Cruz noted Washington has only about two years of experience as an airport CEO and criticized Washington’s inability to answer some aviation questions at his confirmation hearing.
The White House insisted Washington was fully qualified. Cantwell had said he would shakeup the agency saying ‘we feel that industry and FAA got too cozy.’
A White House official had earlier told Reuters: ‘Politics must not hold up confirming an administrator to lead the FAA, and we will move expeditiously to nominate a new candidate for FAA administrator.’
The official said: ‘An onslaught of unfounded Republican attacks on Mr Washington’s service and experience irresponsibly delayed this process, threatened unnecessary procedural hurdles on the Senate floor, and ultimately have led him to withdraw his nomination today.’
Washington was originally nominated in July but did not get a hearing from the Commerce Committee until March 1.
The FAA has had a number of recent safety issues.
In January, the FAA halted all departing passenger airline flights for nearly two hours because of a pilot messaging database outage, the first nationwide ground stop of its kind since the September 11, 2001, attacks.
The FAA and the National Transportation Safety Board confirmied in a statement this past week that they are probing aseries of incidents that have spiked concern
Baltimore International Airport on January 12: A Southwest Airlines flight had a 173-foot near-miss with an ambulance truck that crossed the runway without authorization
John F. Kennedy International Airport: On January 15, an American Airlines flight nearly hit a Delta Airlines plane as the American Airlines flight which was taking off
Seattle Tacoma International on January 26: Two Alaska Airlines planes scraped their tails on the tarmac as they took off, due to a software bug that left the pilots thinking their aircrafts were 20,000 pounds lighter
An American Airlines plane was seen crossing the path of a Delta flight as it was about to take off. Air traffic control exclaimed ‘s***!’ as they noticed the potential collision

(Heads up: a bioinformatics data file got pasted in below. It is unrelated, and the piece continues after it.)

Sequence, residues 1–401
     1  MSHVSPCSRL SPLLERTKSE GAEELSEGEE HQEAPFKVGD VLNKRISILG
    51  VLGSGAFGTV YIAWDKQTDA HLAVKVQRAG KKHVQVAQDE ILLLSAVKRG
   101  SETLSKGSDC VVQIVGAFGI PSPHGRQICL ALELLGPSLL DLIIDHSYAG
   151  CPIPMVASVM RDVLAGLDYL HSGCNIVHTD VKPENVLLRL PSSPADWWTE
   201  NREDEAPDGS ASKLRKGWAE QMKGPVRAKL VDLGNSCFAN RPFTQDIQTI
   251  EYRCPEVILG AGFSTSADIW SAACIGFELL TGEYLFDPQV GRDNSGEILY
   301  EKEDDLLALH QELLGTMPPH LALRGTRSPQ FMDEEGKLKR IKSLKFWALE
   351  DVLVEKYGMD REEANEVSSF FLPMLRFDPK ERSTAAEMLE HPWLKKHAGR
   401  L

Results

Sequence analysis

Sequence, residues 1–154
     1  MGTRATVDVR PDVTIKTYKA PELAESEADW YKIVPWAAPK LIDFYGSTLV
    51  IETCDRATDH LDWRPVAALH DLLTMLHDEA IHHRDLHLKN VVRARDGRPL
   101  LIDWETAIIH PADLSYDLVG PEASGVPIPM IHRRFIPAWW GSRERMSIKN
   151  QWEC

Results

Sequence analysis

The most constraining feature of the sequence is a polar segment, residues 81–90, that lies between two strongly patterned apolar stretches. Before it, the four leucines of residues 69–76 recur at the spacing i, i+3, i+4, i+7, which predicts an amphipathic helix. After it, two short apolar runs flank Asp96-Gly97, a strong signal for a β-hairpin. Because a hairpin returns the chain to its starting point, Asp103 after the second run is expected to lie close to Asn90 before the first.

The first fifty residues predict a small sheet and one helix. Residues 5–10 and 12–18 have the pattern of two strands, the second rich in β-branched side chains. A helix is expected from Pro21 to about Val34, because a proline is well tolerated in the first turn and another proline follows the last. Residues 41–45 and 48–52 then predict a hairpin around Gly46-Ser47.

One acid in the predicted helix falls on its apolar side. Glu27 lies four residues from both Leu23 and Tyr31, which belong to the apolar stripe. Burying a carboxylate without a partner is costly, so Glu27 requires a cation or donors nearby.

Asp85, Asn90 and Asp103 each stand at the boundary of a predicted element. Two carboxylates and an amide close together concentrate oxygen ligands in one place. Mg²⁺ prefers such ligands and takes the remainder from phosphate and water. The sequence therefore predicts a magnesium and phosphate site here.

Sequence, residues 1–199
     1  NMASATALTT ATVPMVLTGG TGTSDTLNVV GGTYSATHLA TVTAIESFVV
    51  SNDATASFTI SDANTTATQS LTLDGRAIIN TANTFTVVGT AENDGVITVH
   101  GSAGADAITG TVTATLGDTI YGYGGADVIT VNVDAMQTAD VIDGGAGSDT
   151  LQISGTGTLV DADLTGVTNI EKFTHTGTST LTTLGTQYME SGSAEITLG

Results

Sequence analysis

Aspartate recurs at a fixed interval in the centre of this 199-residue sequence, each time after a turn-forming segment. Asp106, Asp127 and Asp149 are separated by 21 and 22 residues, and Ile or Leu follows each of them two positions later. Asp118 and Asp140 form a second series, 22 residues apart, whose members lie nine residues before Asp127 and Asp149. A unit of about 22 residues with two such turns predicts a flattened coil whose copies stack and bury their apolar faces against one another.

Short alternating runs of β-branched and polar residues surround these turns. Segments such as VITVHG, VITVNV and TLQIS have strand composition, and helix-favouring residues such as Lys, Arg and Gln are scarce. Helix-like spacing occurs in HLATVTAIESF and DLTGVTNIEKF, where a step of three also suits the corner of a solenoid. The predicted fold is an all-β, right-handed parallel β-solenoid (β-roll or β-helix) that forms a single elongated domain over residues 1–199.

Austin International Airport on February 4: A Southwest jet headed to Mexico was given the OK to take off but apparently took too long. By the time it tried to begin its ascent, a Boeing 767 cargo plane was approaching its landing
Ronald Reagan Washington International on March 7: Republic Airlines flight 4736 nearly collides with United Airlines Flight 2003 after it crossed a runway without clearance
Hollywood Burbank Airport on March 18: A Southwest Airlines flight was told to ‘go around’ due to a helicopter on the runway. This is the second incident at the airport in a matter of weeks at the Southern California Airport
On Wednesday, the FAA issued a safety alert to airlines, pilots and others about the ‘need for continued vigilance and attention to mitigation of safety risks’ after a series of high-profile near collisions.
Six serious runway incursions have occurred since January that prompted the agency to convene a safety summit last week.
Some industry officials think the White House could name acting FAA Administrator Billy Nolen as a new nominee. Nolen, who was named head of the FAA’s aviation safety office, has been the acting FAA administrator since April 2022 and has received backing from many Republicans in Congress.
Washington had won support from a wide range of groups, including a number of aviation unions and a group of family members of some killed in a 2019 fatal Boeing (BA.N) 737 MAX crash.
The FAA has been without a permanent administrator for almost a year.
This was the second major Bide nominee to withdraw in recent weeks. Gigi Sohn, his pick for a key fifth seat on the Federal Communications Commission (FCC), withdrew dealing a setback for Democrats who have been unable to take control of the telecom regulator for more than two years.
During this time of uncertain leadership, hundreds have demanded the FAA address ‘technology issues’ affecting airlines that seem to have become more pronounced over the past year – including cancellations seen in January by the airline Southwest.
The airline was forced to cancel thousands of flights earlier this year after a FAA pilot alert system failed overnight, prompting a nationwide halt to departures.
Other challenges include the ongoing fallout from two 737 Max airline crashes in Indonesia and Ethiopia, which has forced the FAA to further analyze its safety procedures.
The crashes, occurring in 2018 and 2019, respectively, claimed 346 lives.
Other challenges include the ongoing fallout from two 737 Max airline crashes in Indonesia and Ethiopia, which has forced the FAA to further analyze its safety procedures
Source: DailyMail UK